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Some oil filter comparison information

Discussion in 'Maintenance & Upkeep' started by Pikey, Jan 26, 2013.

  1. dsfloyd

    dsfloyd Epic Member 5+ Years ROTM Winner Gold Member 1000 Posts

    Fram also makes different filters with varying levels of filtration, drain back etc. I don't get the low end fram but I do buy the tough guard from fram.
  2. TimTom64b

    TimTom64b Member 2 Years 500 Posts ROTM Winner Gold Member

    I have used the Bosch, mobile 1, fram and K&N. The main thing I look at is the anti drain back feature... helps to minimize dry starts. What I have settled on it the K&N... as I like the nut welded on it to help with removal.
  3. Cowpie

    Cowpie Member 1 Year 100 Posts

    Anti drain back is something to consider if the filter is mounted other than vertical. If the filter is in an upright or vertical position, then the oil is not going to drain out of it anyway.
  4. steved

    steved Former Member


    Anti-drain back has more to do with keeping the engine galleys/passages from draining out, than keeping the filter full of oil...
  5. Cowpie

    Cowpie Member 1 Year 100 Posts

    Now I am confused. The oil goes from the sump to the filter then to the engine then back to the sump. How is the filter able to keep oil in the galleries and up in the head? The oil is only going to be up to the lowest gallery in the engine, which is not much higher than the filter itself. That being said, the idea of "dry starts" is not really that big of an issue with modern engines. Truth be told, many just install a new oil filter on their ride without even pre-filling with oil when they do an oil change, and their engines last well over 200,000 miles. Unless an engine sits for an extremely extended period of time, the risk of damage from a "dry start" is remote. I understand your concern, but think it is nothing to worry about. I have taken several diesel engines well past 1 million miles without opening up the engine for more than valve adjustments and an occasional injector, without worrying about anti-drain back valves in filters. Same for my gas engines, of which none had the engine died off before the vehicle itself.
  6. McClintoc

    McClintoc ɹoʇɐɹǝpoɯ Staff Member 2 Years 1000 Posts Platinum Contributor

    All I have ever used is Fram. I do use the Tough Guard on my truck but I have been using Fram on my truck for almost 13 years now and no issues. All my dad ever used was Fram and he has never had a car withy any engine issues. I stick with what works and Fram seems to work just fine.

    But, keep in mind, there are a LOT of other factors in how long an engine lasts and how well it performs; not just what oil filter you use.
  7. steved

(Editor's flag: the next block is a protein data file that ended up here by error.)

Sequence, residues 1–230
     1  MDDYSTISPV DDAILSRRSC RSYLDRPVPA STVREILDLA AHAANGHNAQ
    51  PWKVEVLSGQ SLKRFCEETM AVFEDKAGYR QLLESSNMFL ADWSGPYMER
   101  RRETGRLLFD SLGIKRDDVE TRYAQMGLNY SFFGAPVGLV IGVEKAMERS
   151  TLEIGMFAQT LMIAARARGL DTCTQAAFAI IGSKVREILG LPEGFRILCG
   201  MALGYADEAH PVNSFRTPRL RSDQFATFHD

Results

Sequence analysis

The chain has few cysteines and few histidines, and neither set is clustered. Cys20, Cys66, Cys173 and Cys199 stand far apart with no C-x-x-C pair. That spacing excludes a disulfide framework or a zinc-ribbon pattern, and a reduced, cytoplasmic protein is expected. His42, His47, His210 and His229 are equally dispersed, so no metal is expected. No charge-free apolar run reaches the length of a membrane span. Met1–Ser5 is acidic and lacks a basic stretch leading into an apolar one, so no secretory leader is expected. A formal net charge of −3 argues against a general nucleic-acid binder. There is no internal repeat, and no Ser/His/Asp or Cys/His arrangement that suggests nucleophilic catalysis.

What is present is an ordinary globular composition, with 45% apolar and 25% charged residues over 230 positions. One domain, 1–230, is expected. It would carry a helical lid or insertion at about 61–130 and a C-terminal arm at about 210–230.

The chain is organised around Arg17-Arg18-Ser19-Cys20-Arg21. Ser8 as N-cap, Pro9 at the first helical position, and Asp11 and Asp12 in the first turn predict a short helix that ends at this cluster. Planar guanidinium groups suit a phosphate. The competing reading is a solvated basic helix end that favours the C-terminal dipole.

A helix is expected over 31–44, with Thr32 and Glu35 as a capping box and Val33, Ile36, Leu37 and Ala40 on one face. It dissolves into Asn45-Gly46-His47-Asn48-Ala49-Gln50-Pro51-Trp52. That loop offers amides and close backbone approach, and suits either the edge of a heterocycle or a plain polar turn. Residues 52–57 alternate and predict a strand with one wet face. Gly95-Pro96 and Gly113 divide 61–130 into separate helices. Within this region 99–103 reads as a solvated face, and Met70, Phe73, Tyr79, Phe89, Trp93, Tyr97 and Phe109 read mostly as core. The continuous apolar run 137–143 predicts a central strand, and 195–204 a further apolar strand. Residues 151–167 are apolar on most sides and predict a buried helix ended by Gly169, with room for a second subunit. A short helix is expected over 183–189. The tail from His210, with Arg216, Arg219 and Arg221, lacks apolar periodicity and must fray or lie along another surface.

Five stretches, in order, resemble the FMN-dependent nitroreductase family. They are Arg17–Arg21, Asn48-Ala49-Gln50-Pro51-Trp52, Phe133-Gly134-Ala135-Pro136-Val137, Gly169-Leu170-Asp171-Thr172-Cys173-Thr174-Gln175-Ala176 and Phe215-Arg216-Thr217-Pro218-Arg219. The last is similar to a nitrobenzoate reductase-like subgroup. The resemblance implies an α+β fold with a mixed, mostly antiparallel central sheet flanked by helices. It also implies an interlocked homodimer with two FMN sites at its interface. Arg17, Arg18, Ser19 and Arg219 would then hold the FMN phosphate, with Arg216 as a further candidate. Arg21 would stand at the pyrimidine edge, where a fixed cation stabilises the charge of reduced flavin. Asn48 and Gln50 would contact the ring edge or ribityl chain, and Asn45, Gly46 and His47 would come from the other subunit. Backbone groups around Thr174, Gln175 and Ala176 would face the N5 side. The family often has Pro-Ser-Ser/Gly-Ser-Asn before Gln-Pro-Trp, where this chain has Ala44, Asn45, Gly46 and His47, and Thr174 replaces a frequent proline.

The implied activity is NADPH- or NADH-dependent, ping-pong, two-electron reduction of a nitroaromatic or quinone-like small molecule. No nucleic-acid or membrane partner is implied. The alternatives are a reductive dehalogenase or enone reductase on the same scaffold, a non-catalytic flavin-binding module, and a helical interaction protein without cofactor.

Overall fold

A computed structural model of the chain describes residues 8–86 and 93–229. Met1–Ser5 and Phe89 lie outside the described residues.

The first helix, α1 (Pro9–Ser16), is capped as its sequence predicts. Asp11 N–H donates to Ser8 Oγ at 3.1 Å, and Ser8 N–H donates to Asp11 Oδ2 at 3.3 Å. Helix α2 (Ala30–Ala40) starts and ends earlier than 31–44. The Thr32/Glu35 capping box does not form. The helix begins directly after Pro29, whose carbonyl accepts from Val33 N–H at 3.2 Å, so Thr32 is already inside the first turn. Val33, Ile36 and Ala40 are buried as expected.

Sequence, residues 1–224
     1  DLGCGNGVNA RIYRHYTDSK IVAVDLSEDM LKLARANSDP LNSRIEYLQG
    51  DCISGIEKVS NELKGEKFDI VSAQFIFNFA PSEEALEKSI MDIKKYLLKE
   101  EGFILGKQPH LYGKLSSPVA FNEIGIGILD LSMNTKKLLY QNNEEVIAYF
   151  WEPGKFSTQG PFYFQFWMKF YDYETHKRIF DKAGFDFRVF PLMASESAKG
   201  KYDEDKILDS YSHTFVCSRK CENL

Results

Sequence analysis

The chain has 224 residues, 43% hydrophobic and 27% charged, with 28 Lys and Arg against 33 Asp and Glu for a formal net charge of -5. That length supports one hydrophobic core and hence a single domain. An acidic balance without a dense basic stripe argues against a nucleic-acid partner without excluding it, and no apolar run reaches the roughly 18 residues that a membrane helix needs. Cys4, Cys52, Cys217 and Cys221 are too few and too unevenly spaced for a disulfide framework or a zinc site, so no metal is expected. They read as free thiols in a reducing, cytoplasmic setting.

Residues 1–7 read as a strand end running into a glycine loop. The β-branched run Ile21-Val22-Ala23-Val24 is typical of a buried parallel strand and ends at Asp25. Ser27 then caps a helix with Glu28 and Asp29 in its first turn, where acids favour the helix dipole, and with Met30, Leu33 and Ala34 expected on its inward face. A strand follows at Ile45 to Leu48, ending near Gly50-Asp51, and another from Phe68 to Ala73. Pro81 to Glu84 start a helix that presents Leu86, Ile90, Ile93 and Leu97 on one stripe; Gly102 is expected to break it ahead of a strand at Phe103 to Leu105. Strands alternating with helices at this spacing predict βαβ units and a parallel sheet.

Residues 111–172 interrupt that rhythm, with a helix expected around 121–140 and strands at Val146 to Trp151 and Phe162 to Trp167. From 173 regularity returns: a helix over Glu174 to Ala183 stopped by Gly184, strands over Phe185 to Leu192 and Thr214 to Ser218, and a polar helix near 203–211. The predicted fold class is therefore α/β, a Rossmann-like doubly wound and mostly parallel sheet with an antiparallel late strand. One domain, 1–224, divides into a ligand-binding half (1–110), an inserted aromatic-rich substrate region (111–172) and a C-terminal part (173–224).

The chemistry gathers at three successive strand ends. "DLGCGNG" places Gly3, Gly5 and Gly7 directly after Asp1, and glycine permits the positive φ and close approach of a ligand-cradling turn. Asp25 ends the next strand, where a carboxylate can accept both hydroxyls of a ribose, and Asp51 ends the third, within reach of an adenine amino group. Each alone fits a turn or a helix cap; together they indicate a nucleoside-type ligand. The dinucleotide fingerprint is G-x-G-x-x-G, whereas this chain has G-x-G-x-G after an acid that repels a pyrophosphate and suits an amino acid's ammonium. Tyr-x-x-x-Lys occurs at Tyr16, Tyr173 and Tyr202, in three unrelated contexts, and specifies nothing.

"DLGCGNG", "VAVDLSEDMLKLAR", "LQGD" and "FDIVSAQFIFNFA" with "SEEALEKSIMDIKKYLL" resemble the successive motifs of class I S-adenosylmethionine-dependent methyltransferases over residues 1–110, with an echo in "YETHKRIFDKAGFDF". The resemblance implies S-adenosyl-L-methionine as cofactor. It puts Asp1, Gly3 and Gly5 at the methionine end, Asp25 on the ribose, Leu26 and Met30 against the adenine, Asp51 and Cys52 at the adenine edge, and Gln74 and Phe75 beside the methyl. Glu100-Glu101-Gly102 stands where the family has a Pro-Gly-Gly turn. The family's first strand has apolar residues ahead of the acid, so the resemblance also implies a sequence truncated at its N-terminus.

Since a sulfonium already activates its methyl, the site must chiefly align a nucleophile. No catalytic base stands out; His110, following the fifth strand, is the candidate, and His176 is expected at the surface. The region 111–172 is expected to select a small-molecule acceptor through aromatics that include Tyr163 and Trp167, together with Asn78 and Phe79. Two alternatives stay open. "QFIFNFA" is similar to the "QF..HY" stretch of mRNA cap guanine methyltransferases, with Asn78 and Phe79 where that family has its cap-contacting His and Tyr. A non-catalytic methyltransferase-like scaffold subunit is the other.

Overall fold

steved Former Member

    The oil filter places a restriction into the main oil passage, preventing the lines/passages from draining back into the sump due to siphoning. Without it, the oil ump would need to reprime every time...oil pumps are not a high volume pump, and that process takes a while; not to mention filling all the passages.

    Have you ever started an engine where the ADB valve has malfunctioned? It can take more than a minute for the oil pump to reprime and push oil through the system until you see oil pressure...

    I'm done with this conversation.

    - - - Updated - - -

    At one point there was a quality control issue at Fram, and their filter caused a lot of failed Cummins engines...they were not designed for the added heat and pressure of the redesigned 1998.5 engine. Dodge even had a TSB that was a list of "approved" filters for use on the Cummins' used in Dodge.

    And that sort of caused the whole "Fram is garbage" debate...prior to that, I used Fram and never had an issue either.
  8. motorking

    motorking New Member

    You do realize that not only is this 19 yr old misinformation, most if not all of those filters have changed construction and manufacturers several times since this "study" was published. This study proves absolutely nothing about actual oil filtration as there is no part of it where oil filter tests are actually run.
  9. Pikey

    Pikey Moderator Staff Member 2 Years ROTM Winner 1000 Posts

    How do you see it as 19 year old info when they study was published in 2008? It was originally posted in 1999 and has been updated frequently since then. Nope, it does not say where the test was done at. If you read the FAQ the guy says that he is an Electrical Engineer with no filter experience, just a common sense approach. He never says how well it filters, just the number of pleats and length of the filter media. It is on the internet, so who knows how true it is. Just like anything on the internet. Anyone can post anything. If you have "more reliable" info then please, by all means, share it with us.
  10. motorking

    motorking New Member

    Pikey,
    I work for FRAM Filtration. We publish (right on the box and on our website) both the efficiency (@ 20 microns) and capacity (in mileage) of our filters using the ISO 4548-12 tests with the correct particle size dirt. This is the only OE automaker accepted test for oil filter validation. We test with dirt in the 10-20 micron particle size as that is what the test calls for. We publish our efficiency at 20 microns. Many oil filter companies will use the ISO test and skew the results by using larger (25-30 micron) particle size so they can claim a high efficiency rating. This is on our box and I can tell you the FTC and our competitors would be all over us if we published claims we couldn't back up. The real proof of filter quality is having oil analysis performed to actually see how well your filter is working. FRAM filters always do well in these tests. Look up Scott Lipford on youtube, a real GM truck story that is now sporting 550k miles and still going strong.

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